“If we did everything we could to reduce these emissions we could buy ourselves up to half a degree less warming — or a couple of decades of respite.” ...




NASA snaps pics of China's 'Airpocalypse' pollution disaster

China's capital city, Beijing, is suffering from some of the worst air pollution imaginable – and NASA has the images to prove it.

The lung-clogging cloud enveloping Beijing was measured by the US embassy on January 14 and found to contain...

... mean "Health alert: everyone may experience more serious health effects," and not just those members of sensitive groups who already have respiratory challenges. ...





However, note the very apt comment:

And of course

All the coal producers are going to fight this as hard as they can.



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Message 1328676 - Posted: 18 Jan 2013, 16:27:22 UTC - in response to Message 1328009.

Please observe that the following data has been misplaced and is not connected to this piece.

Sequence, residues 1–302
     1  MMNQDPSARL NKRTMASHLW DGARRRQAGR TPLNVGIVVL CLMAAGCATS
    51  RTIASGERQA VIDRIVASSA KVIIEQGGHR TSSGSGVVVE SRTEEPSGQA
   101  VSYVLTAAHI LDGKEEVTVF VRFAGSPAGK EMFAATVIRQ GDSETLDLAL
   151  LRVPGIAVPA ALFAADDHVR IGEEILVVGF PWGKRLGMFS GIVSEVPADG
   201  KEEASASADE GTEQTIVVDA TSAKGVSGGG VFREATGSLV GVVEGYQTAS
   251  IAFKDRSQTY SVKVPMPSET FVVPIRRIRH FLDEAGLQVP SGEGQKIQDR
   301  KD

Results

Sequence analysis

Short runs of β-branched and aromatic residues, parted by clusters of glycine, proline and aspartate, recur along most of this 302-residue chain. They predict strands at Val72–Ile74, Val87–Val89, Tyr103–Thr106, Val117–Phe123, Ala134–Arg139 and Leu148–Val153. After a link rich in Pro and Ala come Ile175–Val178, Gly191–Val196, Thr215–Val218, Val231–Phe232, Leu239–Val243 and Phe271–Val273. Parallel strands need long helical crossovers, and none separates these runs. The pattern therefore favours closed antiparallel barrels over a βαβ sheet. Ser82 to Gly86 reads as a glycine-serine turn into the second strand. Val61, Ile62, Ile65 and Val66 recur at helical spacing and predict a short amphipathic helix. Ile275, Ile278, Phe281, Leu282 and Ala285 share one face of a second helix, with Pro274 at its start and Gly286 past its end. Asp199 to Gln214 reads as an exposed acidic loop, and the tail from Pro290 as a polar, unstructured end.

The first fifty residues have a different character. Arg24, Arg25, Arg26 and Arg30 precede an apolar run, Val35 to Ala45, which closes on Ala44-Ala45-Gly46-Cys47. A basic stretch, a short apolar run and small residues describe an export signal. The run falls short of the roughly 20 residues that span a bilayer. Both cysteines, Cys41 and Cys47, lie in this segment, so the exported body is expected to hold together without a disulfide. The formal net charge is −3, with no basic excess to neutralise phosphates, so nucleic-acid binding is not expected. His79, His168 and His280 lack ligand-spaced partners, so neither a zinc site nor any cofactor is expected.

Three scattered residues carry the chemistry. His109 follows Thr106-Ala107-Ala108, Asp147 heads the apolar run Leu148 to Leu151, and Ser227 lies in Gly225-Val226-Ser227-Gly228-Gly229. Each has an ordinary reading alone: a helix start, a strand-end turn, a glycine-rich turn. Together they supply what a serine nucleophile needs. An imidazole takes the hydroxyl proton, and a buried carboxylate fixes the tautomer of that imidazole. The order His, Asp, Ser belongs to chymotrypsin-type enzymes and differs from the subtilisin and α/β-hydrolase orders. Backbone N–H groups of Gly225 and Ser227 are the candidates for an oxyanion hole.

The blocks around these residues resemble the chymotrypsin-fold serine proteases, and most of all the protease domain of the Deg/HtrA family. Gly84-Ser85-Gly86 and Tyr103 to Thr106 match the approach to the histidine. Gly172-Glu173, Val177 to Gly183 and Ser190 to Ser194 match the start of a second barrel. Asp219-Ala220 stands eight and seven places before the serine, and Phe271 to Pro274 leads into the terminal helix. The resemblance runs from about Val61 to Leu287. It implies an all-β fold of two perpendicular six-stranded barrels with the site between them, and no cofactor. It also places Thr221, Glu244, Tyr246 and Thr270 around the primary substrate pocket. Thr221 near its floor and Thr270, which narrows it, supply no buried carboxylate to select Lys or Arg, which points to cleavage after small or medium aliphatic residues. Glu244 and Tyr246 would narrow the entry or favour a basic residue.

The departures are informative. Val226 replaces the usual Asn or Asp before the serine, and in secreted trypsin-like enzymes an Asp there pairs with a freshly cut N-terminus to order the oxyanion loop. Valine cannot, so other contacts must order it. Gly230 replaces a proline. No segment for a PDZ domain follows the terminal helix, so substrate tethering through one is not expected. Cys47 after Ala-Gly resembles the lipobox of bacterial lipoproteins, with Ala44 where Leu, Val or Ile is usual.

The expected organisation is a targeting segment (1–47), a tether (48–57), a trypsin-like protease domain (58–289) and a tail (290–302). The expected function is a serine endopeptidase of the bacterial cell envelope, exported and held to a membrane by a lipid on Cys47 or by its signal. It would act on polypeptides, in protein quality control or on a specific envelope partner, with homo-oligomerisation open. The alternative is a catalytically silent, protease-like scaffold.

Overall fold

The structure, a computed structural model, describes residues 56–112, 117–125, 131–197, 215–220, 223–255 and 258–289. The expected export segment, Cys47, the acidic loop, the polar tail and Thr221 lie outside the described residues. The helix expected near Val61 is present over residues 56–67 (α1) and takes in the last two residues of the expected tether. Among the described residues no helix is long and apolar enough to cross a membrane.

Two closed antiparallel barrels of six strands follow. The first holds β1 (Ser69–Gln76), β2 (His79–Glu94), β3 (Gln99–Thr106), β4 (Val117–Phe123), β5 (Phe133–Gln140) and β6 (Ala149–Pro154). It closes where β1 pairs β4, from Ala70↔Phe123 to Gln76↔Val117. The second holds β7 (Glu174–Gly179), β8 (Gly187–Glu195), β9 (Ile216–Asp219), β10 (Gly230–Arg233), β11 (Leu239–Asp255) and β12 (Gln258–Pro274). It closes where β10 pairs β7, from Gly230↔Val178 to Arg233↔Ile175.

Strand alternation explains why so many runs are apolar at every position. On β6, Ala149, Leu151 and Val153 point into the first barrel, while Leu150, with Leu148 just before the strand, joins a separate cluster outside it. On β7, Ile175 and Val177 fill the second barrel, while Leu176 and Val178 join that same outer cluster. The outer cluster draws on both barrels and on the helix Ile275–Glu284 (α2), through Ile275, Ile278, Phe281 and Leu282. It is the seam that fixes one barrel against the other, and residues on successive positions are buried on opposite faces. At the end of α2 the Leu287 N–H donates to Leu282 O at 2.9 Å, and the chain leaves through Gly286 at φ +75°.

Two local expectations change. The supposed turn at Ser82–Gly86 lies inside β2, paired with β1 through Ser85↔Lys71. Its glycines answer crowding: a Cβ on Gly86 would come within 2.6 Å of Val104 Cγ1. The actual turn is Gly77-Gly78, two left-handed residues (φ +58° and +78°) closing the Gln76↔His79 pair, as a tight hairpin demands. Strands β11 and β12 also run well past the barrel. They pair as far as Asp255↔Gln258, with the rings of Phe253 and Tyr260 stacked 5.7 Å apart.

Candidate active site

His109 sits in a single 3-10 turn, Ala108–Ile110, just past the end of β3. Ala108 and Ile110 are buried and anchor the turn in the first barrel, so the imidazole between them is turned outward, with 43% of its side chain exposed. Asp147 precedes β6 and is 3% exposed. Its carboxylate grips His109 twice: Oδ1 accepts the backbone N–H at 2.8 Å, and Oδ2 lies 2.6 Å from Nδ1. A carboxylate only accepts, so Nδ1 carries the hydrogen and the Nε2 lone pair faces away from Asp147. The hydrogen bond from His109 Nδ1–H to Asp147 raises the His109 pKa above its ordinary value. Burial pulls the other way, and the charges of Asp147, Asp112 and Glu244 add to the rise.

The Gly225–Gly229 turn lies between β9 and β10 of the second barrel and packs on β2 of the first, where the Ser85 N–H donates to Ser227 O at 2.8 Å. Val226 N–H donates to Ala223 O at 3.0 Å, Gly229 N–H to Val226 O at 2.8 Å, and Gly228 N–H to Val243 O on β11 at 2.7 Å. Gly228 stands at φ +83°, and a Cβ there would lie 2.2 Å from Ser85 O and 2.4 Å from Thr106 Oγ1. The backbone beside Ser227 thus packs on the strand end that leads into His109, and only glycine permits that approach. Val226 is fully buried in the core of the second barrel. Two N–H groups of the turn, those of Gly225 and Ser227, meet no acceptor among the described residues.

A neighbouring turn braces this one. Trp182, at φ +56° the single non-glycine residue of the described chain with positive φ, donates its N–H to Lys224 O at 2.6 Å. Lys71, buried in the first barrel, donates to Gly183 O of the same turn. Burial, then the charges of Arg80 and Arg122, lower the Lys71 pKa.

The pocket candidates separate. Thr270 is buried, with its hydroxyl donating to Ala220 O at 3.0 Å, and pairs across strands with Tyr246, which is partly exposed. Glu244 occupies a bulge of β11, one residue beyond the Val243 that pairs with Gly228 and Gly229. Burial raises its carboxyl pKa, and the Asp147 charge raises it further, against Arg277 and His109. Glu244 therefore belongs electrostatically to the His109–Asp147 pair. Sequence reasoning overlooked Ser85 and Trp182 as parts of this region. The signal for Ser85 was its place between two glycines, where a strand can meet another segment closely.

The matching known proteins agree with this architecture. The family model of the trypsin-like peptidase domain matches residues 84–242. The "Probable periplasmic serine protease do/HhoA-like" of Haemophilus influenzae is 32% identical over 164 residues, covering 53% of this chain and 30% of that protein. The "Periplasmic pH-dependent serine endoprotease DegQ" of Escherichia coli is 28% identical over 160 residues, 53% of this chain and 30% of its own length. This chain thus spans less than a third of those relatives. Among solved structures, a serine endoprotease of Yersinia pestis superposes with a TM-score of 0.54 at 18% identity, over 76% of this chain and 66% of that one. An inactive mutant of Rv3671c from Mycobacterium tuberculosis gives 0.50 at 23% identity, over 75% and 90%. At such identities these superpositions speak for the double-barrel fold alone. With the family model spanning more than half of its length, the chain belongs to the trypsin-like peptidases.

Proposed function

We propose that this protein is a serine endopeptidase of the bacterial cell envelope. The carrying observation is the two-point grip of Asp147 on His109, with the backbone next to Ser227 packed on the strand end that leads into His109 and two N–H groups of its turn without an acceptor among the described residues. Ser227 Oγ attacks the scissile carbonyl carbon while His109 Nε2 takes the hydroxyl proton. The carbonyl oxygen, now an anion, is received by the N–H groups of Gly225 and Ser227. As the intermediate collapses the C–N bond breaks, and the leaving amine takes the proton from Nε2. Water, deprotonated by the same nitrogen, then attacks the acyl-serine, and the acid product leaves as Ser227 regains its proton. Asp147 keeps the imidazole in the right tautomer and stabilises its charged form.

+1 As someone who has lived a stone's throw from James for the entirety of 30+ years, there is definitely a change in the climate.

Just like James, I wont speculate on the cause. But I am positive there is a change, we've been seeing it for a few years now.


Can't comment on your local area, but I will comment in general. Southern California recently had a cold snap. Lots of people telling me it has never been as cold. Well, that is BS. I remember colder. I suspect a lot of what people remember has changed. I believe there are lots of studies that show the attention span has gotten much shorter over the years and particularly accelerated with the introduction of TV. I suspect a lot of the perception is simply related effect. That is why only hard numbers matter and it seems we can't trust the old numbers because they have to be massaged, due to changes in the environment around the weather station. That should lower confidence levels in any conclusion.

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Message 1328683 - Posted: 18 Jan 2013, 16:51:25 UTC - in response to Message 1328676.  

+1 As someone who has lived a stone's throw from James for the entirety of 30+ years, there is definitely a change in the climate.

Just like James, I wont speculate on the cause. But I am positive there is a change, we've been seeing it for a few years now.